• The city asks for an additional sixty days to respond more substantively to the motion. It claims that will give it time to prepare and submit use-of-force reports from Saturday night’s protest/riot, as well as footage from police officers’ body-worn videos. According to a declaration submitted by the city, it has already identified 1,394 body-worn video clips from Saturday evening, and expects more after all the incident reports have been submitted by officers.

Judge Jones has scheduled a hearing for 9:00am Friday morning.


Among the declarations included with the city’s filing today is that of SPD Lieutenant John Brooks, the Deputy Operations Section Chief last Saturday evening, and the one who declared the protest to be a riot. He details the intelligence that the department recieved from the FBI in advance of Saturday’s protests and riot:

In advance of the July 25, 2020 demonstration, we received intelligence information from the Federal Bureau of Investigations that anarchists were driving up to Seattle from California and Portland, bringing explosives and radios with them in a van. The intelligence bulletin informed us that these anarchists planned to cache the explosives in various locations in Seattle, so they could more easily access them during the July 25 demonstration.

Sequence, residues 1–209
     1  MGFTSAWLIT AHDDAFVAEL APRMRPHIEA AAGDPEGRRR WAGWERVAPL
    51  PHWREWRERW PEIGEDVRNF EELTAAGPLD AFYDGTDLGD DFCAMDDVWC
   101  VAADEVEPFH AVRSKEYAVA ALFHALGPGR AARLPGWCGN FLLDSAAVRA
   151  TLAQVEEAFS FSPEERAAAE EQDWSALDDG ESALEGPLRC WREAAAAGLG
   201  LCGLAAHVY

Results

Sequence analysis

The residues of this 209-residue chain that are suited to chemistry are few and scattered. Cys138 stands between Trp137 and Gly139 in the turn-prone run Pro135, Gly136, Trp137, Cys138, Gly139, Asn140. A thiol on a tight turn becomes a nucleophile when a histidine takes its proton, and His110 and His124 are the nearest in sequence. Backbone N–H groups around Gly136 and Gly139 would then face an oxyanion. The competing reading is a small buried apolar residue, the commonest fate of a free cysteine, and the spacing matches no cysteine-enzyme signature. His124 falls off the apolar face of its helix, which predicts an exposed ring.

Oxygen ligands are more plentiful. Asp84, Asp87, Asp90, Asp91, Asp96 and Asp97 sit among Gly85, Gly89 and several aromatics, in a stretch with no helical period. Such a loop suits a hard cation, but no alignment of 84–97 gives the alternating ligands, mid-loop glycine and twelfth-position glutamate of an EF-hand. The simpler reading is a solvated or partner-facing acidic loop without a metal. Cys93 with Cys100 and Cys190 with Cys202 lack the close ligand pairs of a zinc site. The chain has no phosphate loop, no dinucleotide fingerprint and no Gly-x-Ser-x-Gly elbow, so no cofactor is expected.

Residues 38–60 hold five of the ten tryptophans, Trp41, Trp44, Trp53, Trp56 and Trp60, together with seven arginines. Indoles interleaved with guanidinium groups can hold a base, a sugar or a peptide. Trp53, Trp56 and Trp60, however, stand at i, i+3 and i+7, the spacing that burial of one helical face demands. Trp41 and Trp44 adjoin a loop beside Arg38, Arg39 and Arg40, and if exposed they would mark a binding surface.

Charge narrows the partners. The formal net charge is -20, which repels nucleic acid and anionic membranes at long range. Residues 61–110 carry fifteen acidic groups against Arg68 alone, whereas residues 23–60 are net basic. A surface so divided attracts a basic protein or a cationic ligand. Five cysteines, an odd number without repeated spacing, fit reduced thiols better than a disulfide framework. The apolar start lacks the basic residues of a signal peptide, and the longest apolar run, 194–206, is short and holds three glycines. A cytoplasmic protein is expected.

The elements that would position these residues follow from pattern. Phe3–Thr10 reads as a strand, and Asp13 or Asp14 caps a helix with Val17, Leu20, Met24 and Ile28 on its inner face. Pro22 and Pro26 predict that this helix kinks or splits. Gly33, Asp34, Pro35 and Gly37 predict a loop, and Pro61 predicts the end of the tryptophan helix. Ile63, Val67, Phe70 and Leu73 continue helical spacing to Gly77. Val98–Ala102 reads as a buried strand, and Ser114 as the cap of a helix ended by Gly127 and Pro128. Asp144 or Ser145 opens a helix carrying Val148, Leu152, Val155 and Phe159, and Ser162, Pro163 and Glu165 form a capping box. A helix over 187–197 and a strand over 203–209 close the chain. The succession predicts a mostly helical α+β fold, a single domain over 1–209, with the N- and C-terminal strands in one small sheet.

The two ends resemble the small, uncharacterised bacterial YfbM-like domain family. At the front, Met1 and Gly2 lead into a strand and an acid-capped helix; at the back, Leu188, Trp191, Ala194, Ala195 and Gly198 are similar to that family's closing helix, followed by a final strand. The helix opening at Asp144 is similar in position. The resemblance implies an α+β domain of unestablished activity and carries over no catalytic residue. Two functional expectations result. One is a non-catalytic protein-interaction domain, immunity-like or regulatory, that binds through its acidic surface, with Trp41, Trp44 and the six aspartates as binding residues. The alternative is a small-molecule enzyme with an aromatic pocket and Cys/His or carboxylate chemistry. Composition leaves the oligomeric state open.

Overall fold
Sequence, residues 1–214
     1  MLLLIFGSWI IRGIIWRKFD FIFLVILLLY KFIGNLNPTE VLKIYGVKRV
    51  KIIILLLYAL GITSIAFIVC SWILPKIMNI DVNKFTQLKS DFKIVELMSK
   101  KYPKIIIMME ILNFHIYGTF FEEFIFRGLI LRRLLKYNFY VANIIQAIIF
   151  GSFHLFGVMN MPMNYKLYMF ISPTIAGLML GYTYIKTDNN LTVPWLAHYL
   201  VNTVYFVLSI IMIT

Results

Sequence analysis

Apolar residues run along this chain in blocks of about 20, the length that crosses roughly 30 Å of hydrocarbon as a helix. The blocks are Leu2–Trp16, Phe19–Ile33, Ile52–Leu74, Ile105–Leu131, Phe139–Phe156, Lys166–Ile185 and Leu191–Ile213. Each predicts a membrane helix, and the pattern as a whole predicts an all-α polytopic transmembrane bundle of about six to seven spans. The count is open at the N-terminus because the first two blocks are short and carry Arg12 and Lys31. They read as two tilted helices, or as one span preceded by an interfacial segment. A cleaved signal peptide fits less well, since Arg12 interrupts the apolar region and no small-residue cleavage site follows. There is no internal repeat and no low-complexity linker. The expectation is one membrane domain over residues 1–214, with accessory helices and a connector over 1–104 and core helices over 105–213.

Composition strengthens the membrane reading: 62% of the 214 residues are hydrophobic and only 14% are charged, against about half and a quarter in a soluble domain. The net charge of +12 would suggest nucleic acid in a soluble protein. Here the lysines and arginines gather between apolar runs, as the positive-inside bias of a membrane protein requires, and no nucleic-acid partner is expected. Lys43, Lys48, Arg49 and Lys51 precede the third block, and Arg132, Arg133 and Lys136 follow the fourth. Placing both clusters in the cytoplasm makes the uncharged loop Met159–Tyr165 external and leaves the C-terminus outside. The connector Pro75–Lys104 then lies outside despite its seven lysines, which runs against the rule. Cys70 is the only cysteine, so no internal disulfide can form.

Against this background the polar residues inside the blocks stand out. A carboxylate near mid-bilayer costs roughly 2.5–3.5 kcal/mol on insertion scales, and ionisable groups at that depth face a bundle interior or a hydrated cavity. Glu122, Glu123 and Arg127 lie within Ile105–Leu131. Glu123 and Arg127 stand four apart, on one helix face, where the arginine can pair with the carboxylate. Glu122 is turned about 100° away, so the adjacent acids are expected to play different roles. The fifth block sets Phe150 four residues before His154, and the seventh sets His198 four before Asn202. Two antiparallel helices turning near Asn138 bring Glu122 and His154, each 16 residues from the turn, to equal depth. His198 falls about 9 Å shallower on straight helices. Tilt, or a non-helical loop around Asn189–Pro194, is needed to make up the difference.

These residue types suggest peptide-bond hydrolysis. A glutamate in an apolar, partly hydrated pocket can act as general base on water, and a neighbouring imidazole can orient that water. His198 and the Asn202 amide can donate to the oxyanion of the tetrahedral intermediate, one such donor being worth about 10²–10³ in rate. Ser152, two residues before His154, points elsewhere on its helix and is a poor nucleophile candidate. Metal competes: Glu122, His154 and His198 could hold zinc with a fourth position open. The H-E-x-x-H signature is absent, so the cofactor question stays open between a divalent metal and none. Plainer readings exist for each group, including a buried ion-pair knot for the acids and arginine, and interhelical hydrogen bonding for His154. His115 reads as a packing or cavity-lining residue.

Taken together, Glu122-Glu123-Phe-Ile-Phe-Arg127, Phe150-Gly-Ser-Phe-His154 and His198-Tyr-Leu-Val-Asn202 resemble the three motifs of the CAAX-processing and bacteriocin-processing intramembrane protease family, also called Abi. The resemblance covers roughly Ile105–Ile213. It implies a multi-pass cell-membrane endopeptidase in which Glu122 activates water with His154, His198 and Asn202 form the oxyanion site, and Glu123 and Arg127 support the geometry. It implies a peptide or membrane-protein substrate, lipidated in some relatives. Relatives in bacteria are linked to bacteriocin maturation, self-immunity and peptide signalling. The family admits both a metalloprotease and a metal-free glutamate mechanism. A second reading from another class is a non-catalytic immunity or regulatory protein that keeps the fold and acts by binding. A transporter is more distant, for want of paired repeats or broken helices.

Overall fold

Brooks also described the tactics that protesters were allegedly using to coordinate their actions:

In recent demonstrations that have resulted in officer injury and property damage, there have been tactics used by some in the crowd that were similar to the ones used on July 25. On July 25th, 2020, individuals in the crowd used vehicles and bicyclists to re-direct traffic and law enforcement away from the demonstrations. These individuals tried to forcibly stop police vehicles and personnel from entering the area of the event. The group demonstrated, what appeared to be a high degree of coordination. Members used small radios, cellphones and mobile scouts around the periphery to identify police resources. As police units move, they were tracked by two to four similarly dressed people on bikes who appeared to be updating others in the event. As police move units, officers have observed the group appeared to respond and move at the direction of their scouts. This coordinated effort makes it very difficult for police to monitor events so they can respond and react to any developing safety issues. Often it is impossible for police to see the actions of the group or to identify those committing specific criminal acts. Often police will hear damage to property or receive calls for service indicating the group is committing crimes. Entering past these improvised mobile barriers creates confrontation and escalation exposing both officers and bystanders to violence. The potential for confrontation and the likelihood that entering the demonstration will result in physical resistance creates a substantial officer safety risk. The use of mobile barriers are but one form of action that limits or is intended to interdict the actions of police to hold people individually accountable for criminal acts. Members of the crowd on July 25, 2020 employed these tactics.

Brooks also claims that SPD found this image on social media prior to last Saturday’s incident, and the tactics shown by protesters last Saturday match the ones in the image.

Brooks’ declaration gives an account of the events of last Saturday from his perspective, and makes for interesting reading.